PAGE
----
• Secrets are configured via environment variables exposed using the S3 secrets bucket

By following these simple conventions you get a scaleable, repeatable and source-controlled CI environment that any team within your organization can use.

Multiple Instances of the Stack

If you need to different instances sizes and scaling characteristics between pipelines, you can create multiple stack. Each can run on a different Agent Queue, with it's own configuration, or even in a different AWS account.


  • A docker-builders stack that provides always-on workers with hot docker caches (see Optimizing for Slow Docker Builds)
  • A pipeline-uploaders stack with tiny, always-on instances for lightning fast buildkite-agent pipeline upload jobs.
  • A deploy stack with added credentials and permissions specifically for deployment.


If you have configured MinSize < MaxSize, the stack will automatically scale up and down based on the number of scheduled jobs.

This means you can scale down to zero when idle, which means you can use larger instances for the same cost.

Metrics are collected with a Lambda function, polling every minute based on the queue the stack is configured with. The autoscaler monitors only one queue.

Terminating the instance after job is complete

You may set BuildkiteTerminateInstanceAfterJob to true to force the instance to terminate after it completes a job. Setting this value to true tells the stack to enable disconnect-after-job in the buildkite-agent.cfg file.

While not enforced, it is highly recommended you also set your AgentsPerInstance value to 1.

We strongly encourage you to find an alternative to this setting if at all possible. The turn around time for replacing these instances is currently slow (5-10 minutes depending on other stack configuration settings). If you need single use jobs, we suggest looking at our container plugins like docker, docker-compose, and ecs, all which can be found here.

Docker Registry Support

If you want to push or pull from registries such as Docker Hub or Quay you can use the environment hook in your secrets bucket to export the following environment variables:

  • DOCKER_LOGIN_USER="the-user-name"
  • DOCKER_LOGIN_PASSWORD="the-password"
  • DOCKER_LOGIN_SERVER="" - optional. By default it will log into Docker Hub

Setting these will perform a docker login before each pipeline step is run, allowing you to docker push to them from within your build scripts.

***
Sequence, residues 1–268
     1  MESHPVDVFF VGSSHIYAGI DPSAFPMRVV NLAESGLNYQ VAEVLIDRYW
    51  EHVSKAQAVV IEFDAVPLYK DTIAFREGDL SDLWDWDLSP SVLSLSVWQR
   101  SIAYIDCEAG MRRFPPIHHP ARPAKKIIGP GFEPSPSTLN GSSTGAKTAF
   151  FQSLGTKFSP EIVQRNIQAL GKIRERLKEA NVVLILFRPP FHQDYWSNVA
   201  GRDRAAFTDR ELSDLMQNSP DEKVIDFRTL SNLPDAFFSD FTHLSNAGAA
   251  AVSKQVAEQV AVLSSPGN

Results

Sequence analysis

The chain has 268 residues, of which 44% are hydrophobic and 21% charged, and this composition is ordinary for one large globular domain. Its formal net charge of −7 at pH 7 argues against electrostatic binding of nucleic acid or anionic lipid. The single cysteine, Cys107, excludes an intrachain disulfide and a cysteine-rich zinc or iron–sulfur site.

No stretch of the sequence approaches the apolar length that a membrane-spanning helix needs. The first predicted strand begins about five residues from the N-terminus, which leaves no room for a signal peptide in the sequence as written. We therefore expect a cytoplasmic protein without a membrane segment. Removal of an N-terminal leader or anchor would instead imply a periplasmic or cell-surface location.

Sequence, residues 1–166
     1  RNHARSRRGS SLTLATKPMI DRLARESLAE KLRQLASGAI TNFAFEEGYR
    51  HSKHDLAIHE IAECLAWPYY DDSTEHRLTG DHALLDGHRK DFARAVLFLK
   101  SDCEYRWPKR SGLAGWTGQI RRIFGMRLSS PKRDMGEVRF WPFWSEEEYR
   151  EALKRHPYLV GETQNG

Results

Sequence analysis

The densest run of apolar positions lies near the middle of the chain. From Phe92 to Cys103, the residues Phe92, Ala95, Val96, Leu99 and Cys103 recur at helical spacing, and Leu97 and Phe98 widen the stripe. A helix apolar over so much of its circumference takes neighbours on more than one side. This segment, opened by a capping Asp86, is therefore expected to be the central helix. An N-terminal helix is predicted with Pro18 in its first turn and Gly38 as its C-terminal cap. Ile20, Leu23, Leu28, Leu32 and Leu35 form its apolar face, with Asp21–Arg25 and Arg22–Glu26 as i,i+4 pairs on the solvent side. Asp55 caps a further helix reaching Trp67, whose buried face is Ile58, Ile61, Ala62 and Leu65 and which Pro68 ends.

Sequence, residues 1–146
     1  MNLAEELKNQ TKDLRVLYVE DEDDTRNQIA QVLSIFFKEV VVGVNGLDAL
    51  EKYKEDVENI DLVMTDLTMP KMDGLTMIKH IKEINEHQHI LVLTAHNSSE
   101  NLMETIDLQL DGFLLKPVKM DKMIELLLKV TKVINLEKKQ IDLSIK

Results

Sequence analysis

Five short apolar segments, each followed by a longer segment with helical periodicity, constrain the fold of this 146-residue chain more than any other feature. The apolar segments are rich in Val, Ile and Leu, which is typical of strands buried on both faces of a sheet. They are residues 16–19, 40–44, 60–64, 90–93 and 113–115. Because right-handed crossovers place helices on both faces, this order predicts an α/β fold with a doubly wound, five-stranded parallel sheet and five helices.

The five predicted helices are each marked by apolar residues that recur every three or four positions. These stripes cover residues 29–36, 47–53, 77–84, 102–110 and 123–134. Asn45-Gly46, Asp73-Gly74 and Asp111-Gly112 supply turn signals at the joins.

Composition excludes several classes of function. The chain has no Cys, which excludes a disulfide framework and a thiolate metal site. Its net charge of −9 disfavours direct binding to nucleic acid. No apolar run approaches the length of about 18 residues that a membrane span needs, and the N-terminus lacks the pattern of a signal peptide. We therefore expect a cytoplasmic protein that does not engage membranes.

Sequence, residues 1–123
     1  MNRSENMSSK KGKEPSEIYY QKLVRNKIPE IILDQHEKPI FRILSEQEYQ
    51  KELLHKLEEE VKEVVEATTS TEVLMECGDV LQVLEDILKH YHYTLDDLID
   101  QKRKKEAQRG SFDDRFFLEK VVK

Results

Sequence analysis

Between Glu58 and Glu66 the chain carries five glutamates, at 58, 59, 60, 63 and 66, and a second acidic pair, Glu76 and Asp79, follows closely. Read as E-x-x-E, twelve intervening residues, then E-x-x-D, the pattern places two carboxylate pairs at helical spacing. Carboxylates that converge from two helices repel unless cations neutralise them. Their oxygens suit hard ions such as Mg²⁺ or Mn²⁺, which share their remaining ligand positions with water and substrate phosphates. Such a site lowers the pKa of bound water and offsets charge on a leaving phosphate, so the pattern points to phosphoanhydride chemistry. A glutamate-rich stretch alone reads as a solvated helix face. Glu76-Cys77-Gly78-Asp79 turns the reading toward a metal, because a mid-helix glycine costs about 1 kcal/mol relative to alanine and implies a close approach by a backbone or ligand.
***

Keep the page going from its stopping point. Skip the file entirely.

If you are using Amazon ECR you can set the ECRAccessPolicy parameter to the stack to either readonly, poweruser, or full depending on the access level you want your builds to have

You can disable this in individual pipelines by setting AWS_ECR_LOGIN=false.

If you want to login to an ECR server on another AWS account, you can set AWS_ECR_LOGIN_REGISTRY_IDS="id1,id2,id3".

The AWS ECR options are powered by an embedded version of the ECR plugin, so if you require options that aren't listed here, you can disable the embedded version as above and call the plugin directly. See it's README for more examples (requires Agent v3.x).


We recommend running the latest release, which is available at, or on the releases page.

The latest build of the stack is published to, along with a version for each commit in the form of${COMMIT}.aws-stack.yml.

Branches are published in the form of${BRANCH}/aws-stack.yml.

Updating Your Stack

To update your stack to the latest version use CloudFormation’s stack update tools with one of the urls in the Versions section.

Prior to updating, it's a good idea to set the desired instance size on the AutoscalingGroup to 0 manually.

CloudWatch Metrics

Metrics are calculated every minute from the Buildkite API using a lambda function.


You’ll find the stack’s metrics under "Custom Metrics > Buildkite" within CloudWatch.

Reading Instance and Agent Logs

Each instance streams both system messages and Buildkite Agent logs to CloudWatch Logs under two log groups: